Science Within The Quran

TUESDAY, 10 DECEMBER 2013 00:00

By Nurul Haziqah Abdul Halim
Pix Shahiddan Saidi

BANGI, 9 Dec 2013 – The laws of science depict that all that happens in time, space and the cosmos are due to the “Laws of Nature”.

Western scientists have done many experiments on nature focusing more on the empirical when there many more things that they have not been able to explain or answer, using only science.

Dr Mat Rofa Ismail of University Putra Malaysia (UPM) in a talk organised by the Research Group of the School of Chemical and Food Technology (PPSKTM) of the Faculty of Science and Technology (FST) explained how science and nature can be explained and answered by the Quran.

He alluded to the discovery of a new bright part of the universe in space recently and how it moves in an anti-clockwise swirl of a circle. The scientists explained the heart of the circle as a black-hole.

Dr Mat Rofa said the movement in space is exactly the same anti-clockwise movement of the pilgrims when circumambulating the Kaabah in Mecca. The Ka’abah in the centre of the Mosque is black in colour, exactly like the “black-hole” in space. Thus the movements of the pilgrims moving around the Ka’abah mirrors the movements in space.

Describing the Western scientists lack of faith and religion made them only half good in whatever they are doing, Dr Mat Rofa said the Western scientists can only answer a small part of the question of  ‘how things happen in nature’ which can never truly describe and answer ‘why do these natural things happen’.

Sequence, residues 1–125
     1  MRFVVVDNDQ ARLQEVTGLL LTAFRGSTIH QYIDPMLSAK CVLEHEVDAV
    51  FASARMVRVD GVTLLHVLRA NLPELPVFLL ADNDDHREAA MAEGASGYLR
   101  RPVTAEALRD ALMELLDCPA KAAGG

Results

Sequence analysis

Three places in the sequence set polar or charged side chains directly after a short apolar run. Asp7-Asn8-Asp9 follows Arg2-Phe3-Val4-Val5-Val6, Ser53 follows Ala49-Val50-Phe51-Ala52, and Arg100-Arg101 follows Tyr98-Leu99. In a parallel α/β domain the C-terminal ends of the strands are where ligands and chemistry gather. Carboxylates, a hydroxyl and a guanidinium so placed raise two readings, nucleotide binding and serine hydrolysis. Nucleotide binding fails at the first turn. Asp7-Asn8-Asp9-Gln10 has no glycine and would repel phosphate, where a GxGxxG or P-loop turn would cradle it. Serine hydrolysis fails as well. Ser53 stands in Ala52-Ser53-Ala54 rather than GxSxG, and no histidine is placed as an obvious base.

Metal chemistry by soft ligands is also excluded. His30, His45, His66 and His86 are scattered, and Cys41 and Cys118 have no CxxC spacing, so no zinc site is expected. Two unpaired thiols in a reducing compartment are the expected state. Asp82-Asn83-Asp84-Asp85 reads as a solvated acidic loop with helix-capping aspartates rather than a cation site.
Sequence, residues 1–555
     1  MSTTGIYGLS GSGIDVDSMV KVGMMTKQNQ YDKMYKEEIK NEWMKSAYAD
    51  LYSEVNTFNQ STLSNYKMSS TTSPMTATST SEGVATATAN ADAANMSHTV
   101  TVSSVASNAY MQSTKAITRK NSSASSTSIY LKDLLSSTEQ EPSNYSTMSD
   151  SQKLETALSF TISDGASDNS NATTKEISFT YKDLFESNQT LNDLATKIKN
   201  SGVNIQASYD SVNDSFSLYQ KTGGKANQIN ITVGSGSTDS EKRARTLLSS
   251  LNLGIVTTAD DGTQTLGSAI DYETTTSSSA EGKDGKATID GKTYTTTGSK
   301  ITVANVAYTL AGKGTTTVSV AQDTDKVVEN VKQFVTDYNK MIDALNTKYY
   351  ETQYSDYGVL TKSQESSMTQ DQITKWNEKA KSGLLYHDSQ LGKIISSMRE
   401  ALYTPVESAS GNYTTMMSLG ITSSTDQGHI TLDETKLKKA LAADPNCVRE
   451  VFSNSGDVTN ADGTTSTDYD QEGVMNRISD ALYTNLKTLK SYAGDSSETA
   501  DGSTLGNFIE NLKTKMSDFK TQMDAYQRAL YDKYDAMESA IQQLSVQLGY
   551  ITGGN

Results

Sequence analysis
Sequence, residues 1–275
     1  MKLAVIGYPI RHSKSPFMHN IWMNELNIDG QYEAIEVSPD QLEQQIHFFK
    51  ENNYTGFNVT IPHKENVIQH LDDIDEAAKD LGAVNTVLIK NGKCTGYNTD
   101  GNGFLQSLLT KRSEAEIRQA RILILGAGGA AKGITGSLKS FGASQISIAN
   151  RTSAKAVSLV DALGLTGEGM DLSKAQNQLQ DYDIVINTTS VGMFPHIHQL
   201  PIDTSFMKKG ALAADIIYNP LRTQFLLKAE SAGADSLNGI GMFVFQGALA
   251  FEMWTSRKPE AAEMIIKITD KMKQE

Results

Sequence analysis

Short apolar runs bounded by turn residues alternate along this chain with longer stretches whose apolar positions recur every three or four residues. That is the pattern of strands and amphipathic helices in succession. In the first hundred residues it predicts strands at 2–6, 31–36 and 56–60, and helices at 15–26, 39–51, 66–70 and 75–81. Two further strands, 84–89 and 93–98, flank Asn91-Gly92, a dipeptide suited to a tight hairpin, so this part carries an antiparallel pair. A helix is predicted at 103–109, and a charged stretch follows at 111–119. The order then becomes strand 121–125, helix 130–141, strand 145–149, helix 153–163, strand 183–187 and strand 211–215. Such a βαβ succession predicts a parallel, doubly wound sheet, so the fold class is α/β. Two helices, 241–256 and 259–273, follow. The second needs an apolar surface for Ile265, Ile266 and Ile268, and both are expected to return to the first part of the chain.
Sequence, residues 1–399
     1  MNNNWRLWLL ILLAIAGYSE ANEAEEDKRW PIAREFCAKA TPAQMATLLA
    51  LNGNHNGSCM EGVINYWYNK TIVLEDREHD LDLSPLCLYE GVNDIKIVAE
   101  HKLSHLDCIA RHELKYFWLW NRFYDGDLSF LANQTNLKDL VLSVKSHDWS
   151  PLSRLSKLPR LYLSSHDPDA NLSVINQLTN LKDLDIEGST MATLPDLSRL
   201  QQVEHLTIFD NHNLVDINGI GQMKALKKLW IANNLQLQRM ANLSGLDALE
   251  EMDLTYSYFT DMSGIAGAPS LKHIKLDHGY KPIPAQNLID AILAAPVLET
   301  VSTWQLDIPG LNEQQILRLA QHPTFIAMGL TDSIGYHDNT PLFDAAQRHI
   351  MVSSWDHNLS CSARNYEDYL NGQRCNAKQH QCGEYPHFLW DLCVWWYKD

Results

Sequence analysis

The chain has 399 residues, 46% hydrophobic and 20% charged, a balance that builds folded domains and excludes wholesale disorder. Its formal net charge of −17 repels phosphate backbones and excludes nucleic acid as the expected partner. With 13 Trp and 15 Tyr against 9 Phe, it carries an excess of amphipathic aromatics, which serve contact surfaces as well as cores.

Whereas a Muslim scientist would know that everything that occurs in Nature happens because The Creator wishes it to happen that way.

Dr Mat Rofa explains that the harmony of natural law is the symbol of environmental compliance for the Divine Direction. Muslim scientists never separate between science and faith, between knowledge and religion.

He added that both empirical knowledge and faith knowledge are studied in the same mould, integrated and intertwined not separated, unlike the Western scientists.

The great Islamic civilizations were built on these very principles, he said. “We can learn many more things about our Earth and our Nature by simply reading, analysing and applying the words and wisdom of the Quran.

“As scientists, we are tasked to find new ways to cure, new technologies, new meanings from nature and everyday life, but as Muslim scientists, we must never forget that upon the backbone of Nature, resides Allah’s will and his will makes it so,” Dr Mat Rofa said.

He added that in Natures’ course everything that lives must die. That includes the stars, the planets, creatures and humans. Earth itself has an expiry date; the West calls it the end of the world, Muslims call it “Kiamat”, the judgement day.

He said before that time comes, Muslim scientists must keep on learning from Nature and find the secrets of science found within the Quran. Muslim scientists must also keep their faith close to them while searching for scientific truth because they must weigh what they find on both empirical and faith knowledge.

“In the end we are all just students sitting for an exam. From various age groups and backgrounds we are put to the test upon this earth and come judgement day, we are all given grades as to how well we did in this life. Our exam hall is Earth and our study text is the Quran.

“So study and answer well. For all the questions in this exam have been leaked. We all know what is asked of us but somehow, as humans, we still like to cheat in exams,” Dr Mat Rofa said delivering his analogy of how nature works.